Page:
“If I could go back in time to 2001 and tell NGO directors that they would be doing the majority of their work online, that Internet-based communication was going to be one of the critical factors to the success of their work, they would have laughed at me.”
Nobody’s laughing now. From Canberra to Apia to Dili, Vanuatu’s leadership and example are being recognised. Breaking ground is a lot of extra work, but when it goes well, many benefit.
Perhaps most notable among Vanuatu’s many achievements these last few years is the degree to which these changes have reflected its national character. There have been heated moments, to be sure. We’ve all felt frustration from time to time. But the fact of the matter is that most – if not all – important changes were achieved through consultation, discussion and, ultimately, cordial entente.
With a few notable exceptions, members of Vanuatu’s online society have demonstrated a more consistently collegial and supportive attitude than I’ve seen anywhere else.
There’s an old, rather painful joke we grey-hairs like to tell about discussion groups of the pre-Web world. It used to be that every September a new crop of geeks would enter university and discover the Internet (private ISPs didn’t really exist back then). These ‘clueless newbies’ would rush forth into every online forum, showing all the tact and consideration of a whale in a wading pool. Older, more urbane members of the community would roll their eyes and gently guide this newest generation of users toward a sense of decorum and manners.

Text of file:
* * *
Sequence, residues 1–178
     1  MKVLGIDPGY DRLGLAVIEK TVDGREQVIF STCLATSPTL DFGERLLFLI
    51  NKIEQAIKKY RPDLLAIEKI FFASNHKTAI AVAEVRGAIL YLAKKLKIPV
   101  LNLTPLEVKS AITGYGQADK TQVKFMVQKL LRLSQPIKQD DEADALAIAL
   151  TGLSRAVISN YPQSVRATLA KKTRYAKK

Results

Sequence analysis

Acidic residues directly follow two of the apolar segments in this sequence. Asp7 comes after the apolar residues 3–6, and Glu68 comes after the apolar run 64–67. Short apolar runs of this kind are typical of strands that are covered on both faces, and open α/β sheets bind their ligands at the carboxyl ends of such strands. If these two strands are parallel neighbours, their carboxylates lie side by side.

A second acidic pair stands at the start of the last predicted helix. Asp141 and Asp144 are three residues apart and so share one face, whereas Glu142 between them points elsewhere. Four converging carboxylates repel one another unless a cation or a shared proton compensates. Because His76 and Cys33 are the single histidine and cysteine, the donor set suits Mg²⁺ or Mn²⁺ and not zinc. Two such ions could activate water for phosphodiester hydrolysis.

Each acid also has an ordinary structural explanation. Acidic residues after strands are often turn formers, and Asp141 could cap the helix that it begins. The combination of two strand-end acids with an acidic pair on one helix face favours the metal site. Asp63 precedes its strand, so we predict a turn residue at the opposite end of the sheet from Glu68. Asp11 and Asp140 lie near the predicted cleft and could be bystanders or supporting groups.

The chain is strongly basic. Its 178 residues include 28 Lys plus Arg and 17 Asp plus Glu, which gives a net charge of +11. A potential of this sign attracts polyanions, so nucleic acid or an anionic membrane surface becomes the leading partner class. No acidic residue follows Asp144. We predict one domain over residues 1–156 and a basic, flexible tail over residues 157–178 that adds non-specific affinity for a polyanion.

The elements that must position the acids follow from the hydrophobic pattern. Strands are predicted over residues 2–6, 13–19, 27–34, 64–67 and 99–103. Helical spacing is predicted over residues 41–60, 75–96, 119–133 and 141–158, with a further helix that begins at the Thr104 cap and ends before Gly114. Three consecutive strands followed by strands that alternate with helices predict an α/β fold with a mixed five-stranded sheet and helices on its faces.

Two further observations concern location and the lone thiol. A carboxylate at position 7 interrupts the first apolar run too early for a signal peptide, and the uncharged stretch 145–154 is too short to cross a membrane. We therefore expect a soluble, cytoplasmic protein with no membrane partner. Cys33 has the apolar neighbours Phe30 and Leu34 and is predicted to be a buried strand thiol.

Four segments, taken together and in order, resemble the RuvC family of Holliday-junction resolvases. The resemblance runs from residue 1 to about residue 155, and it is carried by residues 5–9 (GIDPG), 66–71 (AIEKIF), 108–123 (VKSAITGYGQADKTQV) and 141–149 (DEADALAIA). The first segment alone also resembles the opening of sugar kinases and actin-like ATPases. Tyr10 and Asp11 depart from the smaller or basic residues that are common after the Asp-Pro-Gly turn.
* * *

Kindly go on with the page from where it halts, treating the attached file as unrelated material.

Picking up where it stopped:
But in 1996, the number of people signing up to online services like America Online had reached such a flood that, as one Internet veteran wryly observed, September never ended.
I propose a new formulation. Vanuatu’s online community is exemplary in its ability to discuss even the most contentious issues with restraint and politeness in the proper measure. I suggest that in the same way we use ‘Eternal September’ as a nostalgic reminiscence on lost decorum, we should begin to refer to the best examples of online comity as ‘just like Vanuatu’.
I’m being a little glib, it’s true, but there’s a very serious point to be made: While Vanuatu’s development experience has been imperfect, and is far from complete, it is nonetheless a solid example for other nations, both in the region and further afield.
Every one of us working in Vanuatu should pull our heads out of our work from time to time and take a proper look at how the others are doing. If experience is any guide, the added perspective will be gratifying and rewarding.
This is especially true of ni-Vanuatu professionals who have devoted their lives to improving this country. The mundane venality of local politics and the more trying aspects of Vanuatu society sometimes serve to cloud one’s perception of all that’s good in this country.
I think a pat on the back is in order.
Lest we get complacent, there’s nothing magic about our progress. We don’t deserve all this praise simply for being who we are; we deserve the praise because we recognise who we are, warts and all, and we figure out how to make things work for us.
There’s a new cabinet in place, and it’s possible that renewed skulduggery could undo much of what we’ve achieved during the last half-decade or so. But looking from the outside in, I find I’m more confident now than ever that Vanuatu will find a way to continue to lead the region in development.